Analyzing the evolution of the Linux kernel using code authorship measures

In a recent study, we investigated the evolution of the Linux kernel using a code authorship measure. We provide answers to four major questions:

  1. What is the proportion of authors/developers? We call authors the developers who made significant changes to at least one Linux source code file. This may include the original file creator, as well as those who subsequently change it. Therefore, we focus on relevant developers (authors), instead of developers with minor or casual contributions.
  2. What is the number of files per author? The goal is to use authorship as measure of the amount of work performed by Linux developers.
  3. What is the proportion of specialists authors (i.e., authors who work in a single subsystem) vs generalists? The idea is to provide insights on how the development work is organized in the Linux kernel.
  4. What are the main properties of Linux co-authorship network? In our model, a source code file can have multiple authors. So, it is possible to produce a co-authorship network, where the nodes are authors and the edges connect authors who are co-authors in at least one source code file. We reveal the main properties of such networks, like mean degree.

Our analysis accounts for 56 stable releases (v2.6.12– v4.7), spanning a period of over 11 years of development (June, 2005–July, 2016).

Study Design

The study relies on the Degree-of-Authorship (DOA) measure to define the authors — i.e., the key developers — of each file in a system. DOA values are computed from commit histories, as follows:

  • the creation of a file f by a developer d initializes the value of DOA(d, f );
  • further commits on f by d increase DOA(d, f );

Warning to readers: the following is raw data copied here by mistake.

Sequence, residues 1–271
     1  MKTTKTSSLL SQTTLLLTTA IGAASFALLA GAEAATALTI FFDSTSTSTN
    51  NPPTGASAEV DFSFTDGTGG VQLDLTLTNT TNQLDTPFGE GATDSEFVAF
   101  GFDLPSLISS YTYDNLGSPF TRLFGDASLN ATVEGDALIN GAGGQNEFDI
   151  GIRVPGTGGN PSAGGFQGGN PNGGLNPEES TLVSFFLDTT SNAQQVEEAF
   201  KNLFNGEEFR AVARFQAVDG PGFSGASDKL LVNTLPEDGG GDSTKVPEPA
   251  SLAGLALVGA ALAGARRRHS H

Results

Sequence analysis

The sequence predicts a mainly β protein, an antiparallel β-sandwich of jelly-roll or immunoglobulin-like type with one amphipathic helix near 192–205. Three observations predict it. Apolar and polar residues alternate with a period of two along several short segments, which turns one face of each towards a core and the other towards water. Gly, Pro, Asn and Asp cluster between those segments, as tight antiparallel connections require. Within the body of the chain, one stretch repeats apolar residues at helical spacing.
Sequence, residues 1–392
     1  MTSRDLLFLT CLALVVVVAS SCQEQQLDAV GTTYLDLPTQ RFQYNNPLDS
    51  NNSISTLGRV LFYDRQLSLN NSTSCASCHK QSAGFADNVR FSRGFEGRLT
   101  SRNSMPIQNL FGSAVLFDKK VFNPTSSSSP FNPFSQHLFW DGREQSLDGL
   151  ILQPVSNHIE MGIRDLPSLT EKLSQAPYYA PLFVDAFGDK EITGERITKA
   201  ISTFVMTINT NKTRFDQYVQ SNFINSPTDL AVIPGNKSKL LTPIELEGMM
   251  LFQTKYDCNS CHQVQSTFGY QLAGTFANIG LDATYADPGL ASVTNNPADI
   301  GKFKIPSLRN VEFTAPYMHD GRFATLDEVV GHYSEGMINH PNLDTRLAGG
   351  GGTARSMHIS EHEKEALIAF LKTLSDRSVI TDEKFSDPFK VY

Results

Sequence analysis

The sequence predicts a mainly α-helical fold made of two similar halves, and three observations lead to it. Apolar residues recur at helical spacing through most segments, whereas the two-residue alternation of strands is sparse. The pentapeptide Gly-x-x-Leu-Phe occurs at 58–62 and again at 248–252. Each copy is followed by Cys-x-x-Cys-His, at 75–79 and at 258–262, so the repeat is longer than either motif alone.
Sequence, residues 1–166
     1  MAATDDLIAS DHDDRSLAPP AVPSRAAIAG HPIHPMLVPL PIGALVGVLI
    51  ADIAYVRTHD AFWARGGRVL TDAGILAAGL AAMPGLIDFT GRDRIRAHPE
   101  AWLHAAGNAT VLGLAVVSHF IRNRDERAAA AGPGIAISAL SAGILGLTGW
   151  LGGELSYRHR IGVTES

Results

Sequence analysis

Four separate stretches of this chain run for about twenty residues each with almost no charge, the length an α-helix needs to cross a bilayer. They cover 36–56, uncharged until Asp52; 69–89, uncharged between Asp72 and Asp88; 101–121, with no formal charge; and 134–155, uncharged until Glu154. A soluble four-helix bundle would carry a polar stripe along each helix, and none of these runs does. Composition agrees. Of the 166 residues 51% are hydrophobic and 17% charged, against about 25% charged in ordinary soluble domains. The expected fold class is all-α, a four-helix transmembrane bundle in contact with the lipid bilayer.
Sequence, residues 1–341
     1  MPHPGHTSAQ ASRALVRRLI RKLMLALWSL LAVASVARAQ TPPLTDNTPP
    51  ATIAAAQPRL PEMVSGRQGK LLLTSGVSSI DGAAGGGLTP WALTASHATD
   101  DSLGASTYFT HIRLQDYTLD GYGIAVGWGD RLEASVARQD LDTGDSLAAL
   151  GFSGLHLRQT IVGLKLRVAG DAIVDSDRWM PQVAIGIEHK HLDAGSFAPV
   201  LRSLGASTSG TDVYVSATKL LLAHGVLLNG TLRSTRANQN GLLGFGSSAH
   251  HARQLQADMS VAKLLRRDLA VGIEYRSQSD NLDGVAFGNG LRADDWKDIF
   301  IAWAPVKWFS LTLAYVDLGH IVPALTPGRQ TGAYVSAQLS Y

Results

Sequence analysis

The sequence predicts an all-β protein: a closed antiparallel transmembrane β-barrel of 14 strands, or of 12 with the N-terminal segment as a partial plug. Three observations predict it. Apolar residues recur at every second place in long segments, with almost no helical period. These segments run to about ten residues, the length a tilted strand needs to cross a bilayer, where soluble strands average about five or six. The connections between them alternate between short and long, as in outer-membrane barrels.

• finally, commits by other developers decrease DOA(d, f ).

The DOA values are normalized per file; the developer with the highest DOA value in a file f has its normalized DOA equal to 1. A developer is considered an author of a file if its normalized DOA is greater than 0.75. To propose this threshold we manually validated the DOA results produced for six popular systems (more details in this paper).

Proportion of authors/developers

Table 1 shows the proportion of authors in each Linux subsystem.

In the last release, Linux kernel has 13,436 developers, but only 3,459 (26%) are authors of at least one file.

Throughout the kernel development, the proportion of authors is nearly constant (Std dev= ± 0.83 %). Thus, the heavy-load Linux kernel maintenance has been kept in the hands of less than a third of all developers.

Table 1 — Linux subsystems size and authors proportion

Number of files per author

Figure 1 presents boxplots of files per author across the Linux releases.

With exception of one release (v2.6.24), 50% of the authors responds to at most three files (median); for 75% of the authors, the number of files ranges from 11 to 16.

The number of authors with more than 100 files is always lower than 7% of the authors, ranging from 7 % in the first release to 3% in the last one.

Fig. 1. Distribution of the number of files per author in each release
Therefore, file authorship follows a pyramid-like shape of increasing authority;

At the top, Linus Torvalds acts as a “dictator”, centralizing authorship of most of the files (after all, he did create the kernel!). Bellow him lies his hand-picked “lieutenants”, often chosen on the basis of merit. Such organization directly reflects the Linux kernel contribution dynamics, which is itself a pyramid. However, as the kernel evolves, we see that Torvalds is becoming more “benevolent”.

The percentage of files authored by Torvalds has reduced from 45% (first release) to 10% in v4.7 (see Figure 2).
Fig. 2. Percentage of files authored by the top-10 authors over time. The line represents Linus Torvalds (top-1) and the bars represent the accumulated number of files of the next top-9 authors